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Old 01-08-2012, 11:23 PM   #1
Mar 2010
Posts: 264
Liked 3 Times on 3 Posts

A while back, I brewed a pretty standard special bitter...I believe the recipe was more or less straight out of Brewing Classic Styles (all grain). All the brewing targets were hit and I pitched a full packet of rehydrated Coopers Ale yeast in the beer. This yeast purchase was completely compulsive...I was planning on using S-04, but went with Coopers at the last minute. I've read mixed reviews of this yeast, so I figured I'd give it a shot.

The fermentation went well and the FG was what I was hoping for with the S-04. The beer beer sat in primary for 2 weeks @ 65, and then another 2 weeks in the keg @ 65 with priming sugar for natural carbonation. Its been in a keg for 4 weeks now @ 38.

The first 2 weeks in the keg, this beer was as cloudy as a heff with yeast. It had a really yeasty taste, so I put a few grams of rehydrated knoxx gelatin in there and it cleared the beer in 3 days.

Coopers is supposed to have a fruity and earthy taste and I do definitely get that in the beer. Those notes are far in the background however, as the overriding taste in this batch is buttery toffee. Very buttery. Did I mention it tastes buttery? In fact, this beer doesn't really even taste like a bitter, it tastes like butter beer. The batch is drinkeable, but in 40 batches of beer, I've never produced a product with so much diacetyl. I never do diacetyl rests with my ales, but if I were to use Coopers yeast again, I would definitely incorporate one.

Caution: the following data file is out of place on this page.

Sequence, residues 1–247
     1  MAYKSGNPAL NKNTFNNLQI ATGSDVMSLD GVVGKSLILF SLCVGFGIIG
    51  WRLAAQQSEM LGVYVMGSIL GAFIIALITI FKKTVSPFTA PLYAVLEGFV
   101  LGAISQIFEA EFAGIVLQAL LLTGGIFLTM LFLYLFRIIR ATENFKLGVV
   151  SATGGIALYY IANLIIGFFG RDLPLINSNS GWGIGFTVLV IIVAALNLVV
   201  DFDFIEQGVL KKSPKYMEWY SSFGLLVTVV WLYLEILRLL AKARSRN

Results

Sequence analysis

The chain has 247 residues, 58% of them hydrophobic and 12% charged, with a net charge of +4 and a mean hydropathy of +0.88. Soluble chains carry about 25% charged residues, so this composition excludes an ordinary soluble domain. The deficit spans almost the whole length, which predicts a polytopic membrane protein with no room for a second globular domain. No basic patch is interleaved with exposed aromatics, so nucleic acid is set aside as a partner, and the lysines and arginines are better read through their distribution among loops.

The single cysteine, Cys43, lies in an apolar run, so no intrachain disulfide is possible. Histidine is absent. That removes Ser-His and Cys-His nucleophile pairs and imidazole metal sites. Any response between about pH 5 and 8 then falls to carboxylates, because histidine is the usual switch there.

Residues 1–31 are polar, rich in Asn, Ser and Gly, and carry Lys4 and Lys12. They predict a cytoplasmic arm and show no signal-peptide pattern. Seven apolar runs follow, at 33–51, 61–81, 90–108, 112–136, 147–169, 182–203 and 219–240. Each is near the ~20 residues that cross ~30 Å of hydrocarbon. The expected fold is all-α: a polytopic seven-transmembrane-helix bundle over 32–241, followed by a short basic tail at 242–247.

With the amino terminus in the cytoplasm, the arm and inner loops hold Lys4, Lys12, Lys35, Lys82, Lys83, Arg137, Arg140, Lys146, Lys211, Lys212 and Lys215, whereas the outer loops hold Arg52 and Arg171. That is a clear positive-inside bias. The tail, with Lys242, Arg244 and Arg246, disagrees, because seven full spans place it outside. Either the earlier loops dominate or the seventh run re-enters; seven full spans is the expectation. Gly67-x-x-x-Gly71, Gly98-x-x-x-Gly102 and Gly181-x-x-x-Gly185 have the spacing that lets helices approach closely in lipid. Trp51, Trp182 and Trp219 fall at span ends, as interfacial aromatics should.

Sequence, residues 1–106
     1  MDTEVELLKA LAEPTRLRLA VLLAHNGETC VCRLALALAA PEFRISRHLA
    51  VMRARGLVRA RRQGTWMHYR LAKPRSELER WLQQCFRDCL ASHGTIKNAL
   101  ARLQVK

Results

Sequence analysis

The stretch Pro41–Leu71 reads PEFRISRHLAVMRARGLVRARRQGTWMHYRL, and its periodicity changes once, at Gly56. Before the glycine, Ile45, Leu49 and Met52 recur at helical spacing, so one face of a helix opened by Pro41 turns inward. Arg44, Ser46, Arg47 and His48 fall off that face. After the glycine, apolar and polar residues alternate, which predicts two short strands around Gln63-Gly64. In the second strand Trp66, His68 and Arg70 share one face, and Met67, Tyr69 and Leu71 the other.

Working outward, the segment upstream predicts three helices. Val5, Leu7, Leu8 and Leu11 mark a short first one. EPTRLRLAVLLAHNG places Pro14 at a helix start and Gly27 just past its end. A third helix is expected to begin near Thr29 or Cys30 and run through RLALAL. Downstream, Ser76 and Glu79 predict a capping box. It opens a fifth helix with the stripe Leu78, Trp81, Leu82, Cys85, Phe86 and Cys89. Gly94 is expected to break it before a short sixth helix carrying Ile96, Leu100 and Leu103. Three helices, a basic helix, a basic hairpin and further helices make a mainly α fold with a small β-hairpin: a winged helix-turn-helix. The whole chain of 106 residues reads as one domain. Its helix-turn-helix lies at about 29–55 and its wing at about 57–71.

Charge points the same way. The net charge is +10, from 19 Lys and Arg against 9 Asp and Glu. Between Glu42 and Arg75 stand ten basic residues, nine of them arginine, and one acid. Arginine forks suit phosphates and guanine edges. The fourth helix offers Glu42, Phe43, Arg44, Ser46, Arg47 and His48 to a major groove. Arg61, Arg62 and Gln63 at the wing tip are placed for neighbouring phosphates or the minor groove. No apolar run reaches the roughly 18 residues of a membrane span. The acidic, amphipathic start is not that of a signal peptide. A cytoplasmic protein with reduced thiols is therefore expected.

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Old 01-09-2012, 01:26 AM   #2
Registered User
Nov 2010
Corn, High Fructose Corn Fortress, IA
Posts: 5,847
Liked 417 Times on 367 Posts

Hmm maybe 65 is too low for Coopers then, i used it in the peak of summer when i couldnt get temps much below65,Im having a OrangeRyeIpa, i made with Coopers,its hard to tell exactly how it is but it seems dry and woodymaybe somevery slight funkyness in mine,but it could be the recipe maybe i used too much rye its a very dry finish, i think it may have turned out better if i used 04 or something though.I probably would have to use it in an amber or something more simple to really tell. So far it seems dry,woody and somewhat neutral. Not shure if this yeast was a good pick for a rye ipa though or maybe any ipa.

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Old 01-09-2012, 12:59 PM   #3
May 2011
Waynesboro, PA
Posts: 545
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Being and Aussie and starting home brewing when in college years ago, I'm very familiar with how the coopers dry yeast was selected and what the yeast main purpose was... to make beer no matter how drunk/stupid the users are (no I'm not calling you stupid). Coopers designed the yeast to attenuate well no matter how the user pitched it and it does its job, I'm just not a fan of the flavors left behind. I have never noted Diacetyl when using coopers yeast I more get the earthy (AKA Funky flavors).


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Old 01-09-2012, 04:34 PM   #4
Sep 2010
Las Vegas
Posts: 651
Liked 11 Times on 10 Posts

I mostly use it as a bottling strain on beers that have been aged a really long time or are very high in alcohol. In this regard it has never failed and is by far the best deal on a packet of yeast to use for bottling. I usually don't even rehydrate it, I just sprinkle in the bottling bucket before I start bottling and let it dissolve in.

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